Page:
The man at the top of Morgan Motor Company believes he could sell into a growing market in Iran if sanctions were lifted.
Charles Morgan, who heads the Malvern-based family firm founded by his grandfather, revealed he had received two approaches from prospective Morgan dealers in the Islamic Republic.
Mr Morgan described the would-be dealers as “progressive Iranians” and said he would be delighted to see his cars available in the country.
The approach came in the wake of a visit to the country by Mr Morgan, which he described as an eye-opener and one which dispelled many of the preconceptions Westerners have about the country.
“I was absolutely blown away,” said Mr Morgan who said he took up the invite of “a paid-for trip to attend a prestigious conference”.
“They invited me to go. I probably wouldn’t have thought about it ordinarily but I spent a lot of time in Iran when I was an ITN cameraman and I wanted to go back and this was an opportunity.
“We had two approaches from potential dealers. As soon as sanctions are lifted, two progressive Iranians have asked to be Morgan dealers.
“It is incredible what Iran has done under immense duress. You wouldn’t believe the amount of buildings and improvements and infrastructure – in spite of the completely loony leadership.
“There is a growing middle class. All these businessmen at the conference are completely apolitical and doing a fantastic job modernising Iran in spite of the ridiculous religious leaders.
“We demonise Iran in the world, probably for very good reasons and they do have an extreme leadership, but that leadership only represents a minute proportion of the country and none of the middle class.”
Illustrating the extent to which modern Tehran defies expectations he said: “Northern Tehran is full of some fabulous flats and they’re all leading a completely Western-style life. There are BMWs and Mercedes on the streets and I went to a superb sports club in a skyscraper overlooking Tehran that had a swimming pool on the roof that was Olympic-sized and heated to 90 degrees.”
Looking at exports generally, Mr Morgan said the company would be selling cars in China for the first time this year and is also looking at other emerging markets.
“In terms of markets we are very much Euro-centric,” he said. “We export 70 per cent and the UK remains our largest market but that could change with Germany overtaking it this year. We have always sold in Japan and America has always been a place where people love Morgans.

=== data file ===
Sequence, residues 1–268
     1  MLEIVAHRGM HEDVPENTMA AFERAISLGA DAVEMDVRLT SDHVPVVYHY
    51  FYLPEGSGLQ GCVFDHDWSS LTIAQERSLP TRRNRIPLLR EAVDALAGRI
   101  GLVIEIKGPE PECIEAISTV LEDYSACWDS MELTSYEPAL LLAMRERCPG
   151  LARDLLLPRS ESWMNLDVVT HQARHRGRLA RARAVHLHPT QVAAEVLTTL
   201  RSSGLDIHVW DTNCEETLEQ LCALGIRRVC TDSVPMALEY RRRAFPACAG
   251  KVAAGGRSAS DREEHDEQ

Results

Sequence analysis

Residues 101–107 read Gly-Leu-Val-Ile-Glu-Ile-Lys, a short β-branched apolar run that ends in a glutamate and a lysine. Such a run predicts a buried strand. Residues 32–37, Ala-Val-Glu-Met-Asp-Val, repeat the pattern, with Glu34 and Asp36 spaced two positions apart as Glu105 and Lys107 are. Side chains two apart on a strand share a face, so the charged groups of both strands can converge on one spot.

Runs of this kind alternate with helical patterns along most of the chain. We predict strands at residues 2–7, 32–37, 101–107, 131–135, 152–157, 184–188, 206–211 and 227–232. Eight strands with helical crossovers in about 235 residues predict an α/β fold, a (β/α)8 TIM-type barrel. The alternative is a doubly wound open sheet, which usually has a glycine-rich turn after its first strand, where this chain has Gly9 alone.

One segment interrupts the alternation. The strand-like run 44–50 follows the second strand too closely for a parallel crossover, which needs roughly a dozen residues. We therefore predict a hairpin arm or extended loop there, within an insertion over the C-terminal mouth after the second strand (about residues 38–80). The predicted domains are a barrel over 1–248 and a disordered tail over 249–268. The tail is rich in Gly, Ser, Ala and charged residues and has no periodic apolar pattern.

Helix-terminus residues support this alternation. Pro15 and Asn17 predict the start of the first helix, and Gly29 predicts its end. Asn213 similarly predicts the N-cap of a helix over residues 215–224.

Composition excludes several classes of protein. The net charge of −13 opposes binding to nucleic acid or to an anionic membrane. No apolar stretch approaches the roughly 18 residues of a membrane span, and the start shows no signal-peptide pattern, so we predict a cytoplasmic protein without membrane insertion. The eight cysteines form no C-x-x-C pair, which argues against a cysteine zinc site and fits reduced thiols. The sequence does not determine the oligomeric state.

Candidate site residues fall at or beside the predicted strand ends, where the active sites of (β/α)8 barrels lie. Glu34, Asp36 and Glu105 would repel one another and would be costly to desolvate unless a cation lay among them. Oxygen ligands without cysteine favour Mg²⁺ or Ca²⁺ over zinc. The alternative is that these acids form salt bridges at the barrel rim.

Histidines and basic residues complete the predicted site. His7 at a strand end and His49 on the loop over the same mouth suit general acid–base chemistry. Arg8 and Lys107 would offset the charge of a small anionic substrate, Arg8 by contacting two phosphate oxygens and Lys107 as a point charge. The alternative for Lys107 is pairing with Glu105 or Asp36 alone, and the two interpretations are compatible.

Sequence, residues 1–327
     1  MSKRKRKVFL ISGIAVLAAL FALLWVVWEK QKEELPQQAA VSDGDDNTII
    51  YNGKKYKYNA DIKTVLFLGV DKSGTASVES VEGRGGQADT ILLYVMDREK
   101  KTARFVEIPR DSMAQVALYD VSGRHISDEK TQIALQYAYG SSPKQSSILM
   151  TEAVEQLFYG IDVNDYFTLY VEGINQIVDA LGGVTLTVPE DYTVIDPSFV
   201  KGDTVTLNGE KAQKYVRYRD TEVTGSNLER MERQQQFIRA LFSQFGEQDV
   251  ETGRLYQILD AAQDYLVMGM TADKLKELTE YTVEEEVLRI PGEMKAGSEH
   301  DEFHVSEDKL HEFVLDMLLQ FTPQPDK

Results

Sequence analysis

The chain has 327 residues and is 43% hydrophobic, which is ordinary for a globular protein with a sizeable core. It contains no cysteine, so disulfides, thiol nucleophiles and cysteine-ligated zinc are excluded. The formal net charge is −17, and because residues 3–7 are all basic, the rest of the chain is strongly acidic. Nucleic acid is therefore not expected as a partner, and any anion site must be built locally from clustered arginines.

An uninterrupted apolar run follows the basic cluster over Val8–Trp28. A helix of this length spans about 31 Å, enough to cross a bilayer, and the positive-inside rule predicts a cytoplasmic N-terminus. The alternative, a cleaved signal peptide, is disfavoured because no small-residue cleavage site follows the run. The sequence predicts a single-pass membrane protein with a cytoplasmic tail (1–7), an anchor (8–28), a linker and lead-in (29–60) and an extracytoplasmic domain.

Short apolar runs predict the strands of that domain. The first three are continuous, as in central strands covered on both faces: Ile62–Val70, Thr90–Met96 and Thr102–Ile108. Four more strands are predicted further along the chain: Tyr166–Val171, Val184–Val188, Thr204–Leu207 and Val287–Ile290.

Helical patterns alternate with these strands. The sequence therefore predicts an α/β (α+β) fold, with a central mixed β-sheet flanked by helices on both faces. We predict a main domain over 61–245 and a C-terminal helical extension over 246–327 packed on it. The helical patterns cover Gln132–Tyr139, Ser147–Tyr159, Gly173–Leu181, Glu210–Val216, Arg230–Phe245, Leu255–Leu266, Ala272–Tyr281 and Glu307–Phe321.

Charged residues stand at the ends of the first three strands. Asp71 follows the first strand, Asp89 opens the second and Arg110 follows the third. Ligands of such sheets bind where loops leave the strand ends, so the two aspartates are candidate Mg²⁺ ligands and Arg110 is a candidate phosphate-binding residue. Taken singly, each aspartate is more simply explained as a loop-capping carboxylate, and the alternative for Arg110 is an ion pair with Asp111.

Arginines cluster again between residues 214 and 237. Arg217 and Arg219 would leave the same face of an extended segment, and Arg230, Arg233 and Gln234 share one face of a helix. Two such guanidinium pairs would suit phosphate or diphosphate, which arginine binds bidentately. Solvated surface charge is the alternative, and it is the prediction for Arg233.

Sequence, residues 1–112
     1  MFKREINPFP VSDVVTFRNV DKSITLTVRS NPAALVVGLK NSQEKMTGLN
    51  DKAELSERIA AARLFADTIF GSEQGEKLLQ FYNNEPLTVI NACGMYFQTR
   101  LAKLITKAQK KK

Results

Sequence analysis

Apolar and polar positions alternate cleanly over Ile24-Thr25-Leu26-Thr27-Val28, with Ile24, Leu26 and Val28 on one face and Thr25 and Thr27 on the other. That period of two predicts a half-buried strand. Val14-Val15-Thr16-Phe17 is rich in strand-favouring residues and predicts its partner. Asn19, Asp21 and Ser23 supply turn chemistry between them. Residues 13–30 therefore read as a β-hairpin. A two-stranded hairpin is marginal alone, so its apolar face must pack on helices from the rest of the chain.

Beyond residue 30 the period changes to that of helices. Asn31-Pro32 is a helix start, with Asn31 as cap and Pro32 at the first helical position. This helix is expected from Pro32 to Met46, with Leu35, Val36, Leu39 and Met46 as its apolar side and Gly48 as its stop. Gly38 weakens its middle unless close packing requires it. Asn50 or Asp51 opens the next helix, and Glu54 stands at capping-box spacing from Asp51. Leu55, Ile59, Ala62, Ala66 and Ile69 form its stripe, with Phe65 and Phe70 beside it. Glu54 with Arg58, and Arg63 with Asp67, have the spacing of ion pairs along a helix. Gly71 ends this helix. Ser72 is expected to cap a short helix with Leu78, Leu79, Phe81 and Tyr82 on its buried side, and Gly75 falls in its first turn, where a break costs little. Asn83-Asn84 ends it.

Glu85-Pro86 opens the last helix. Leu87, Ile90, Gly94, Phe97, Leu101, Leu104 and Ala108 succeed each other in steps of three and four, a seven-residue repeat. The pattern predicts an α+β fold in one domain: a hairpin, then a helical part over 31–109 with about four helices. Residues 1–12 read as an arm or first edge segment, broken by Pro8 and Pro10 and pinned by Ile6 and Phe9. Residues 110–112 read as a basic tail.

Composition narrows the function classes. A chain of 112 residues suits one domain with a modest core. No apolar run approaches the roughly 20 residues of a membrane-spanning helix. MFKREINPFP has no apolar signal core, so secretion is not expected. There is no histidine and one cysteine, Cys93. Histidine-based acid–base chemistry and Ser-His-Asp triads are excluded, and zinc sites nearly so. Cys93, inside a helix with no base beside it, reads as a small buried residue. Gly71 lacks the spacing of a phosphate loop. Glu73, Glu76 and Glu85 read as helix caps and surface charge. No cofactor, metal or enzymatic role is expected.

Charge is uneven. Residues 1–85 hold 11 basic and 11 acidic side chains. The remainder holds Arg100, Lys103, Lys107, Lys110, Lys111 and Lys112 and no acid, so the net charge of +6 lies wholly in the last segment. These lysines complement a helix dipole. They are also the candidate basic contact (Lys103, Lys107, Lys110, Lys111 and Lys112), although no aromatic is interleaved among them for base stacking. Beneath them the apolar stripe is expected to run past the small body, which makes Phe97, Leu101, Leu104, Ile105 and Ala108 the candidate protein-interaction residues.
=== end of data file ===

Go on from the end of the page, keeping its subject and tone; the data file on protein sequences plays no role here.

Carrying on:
“Then there are emerging markets like Brazil India and Turkey. Even without the heritage our product is appealing in these markets.
“The interesting thing with China is you are starting from scratch – they don’t have a 100 years of Morgan history. Three dealers have approached us in China and we will be appointing this year and we hope to sell between 30 and 50 cars there a year.
“We have sent four cars to Shanghai and Beijing and a dealer is going to sell our three-wheeler in Hong Kong, though we’ve had a presence in Hong Kong for a few years.”
High import duties remain a concern, though, according to Mr Morgan, who added: “Because they are emerging economies they have all protected themselves like mad with duties and tarriffs – in China the duty is 137 per cent.
“They will dump lots of Chinese cars on us and we will charge them 10 per cent.
“It’s perfectly valid while protecting their own industry but now China is the biggest car market in the world why do they need protection? It should be free trade.”
With the arrival of Morgan to the People’s Republic, he also dismissed the threat that may be posed by the popular Chinese practice of copying cars made in the West.
“I would regard it as a big honour,” he said. “They will never be as good as ours so we have nothing to worry about.
Other export targets include India and Brazil, with cars scheduled to go on sale in India this year too.
And Brazil is somewhere where Mr Morgan sees great potential.
“I went to Brazil with HSBC who have just made us Midlands Business of the Year.
“It’s a country where I recognise the potentially massive appeal of the three-wheeler, particularly on a place like Copacabana Beach.”
Flying the flag for Britain: Pages 36-37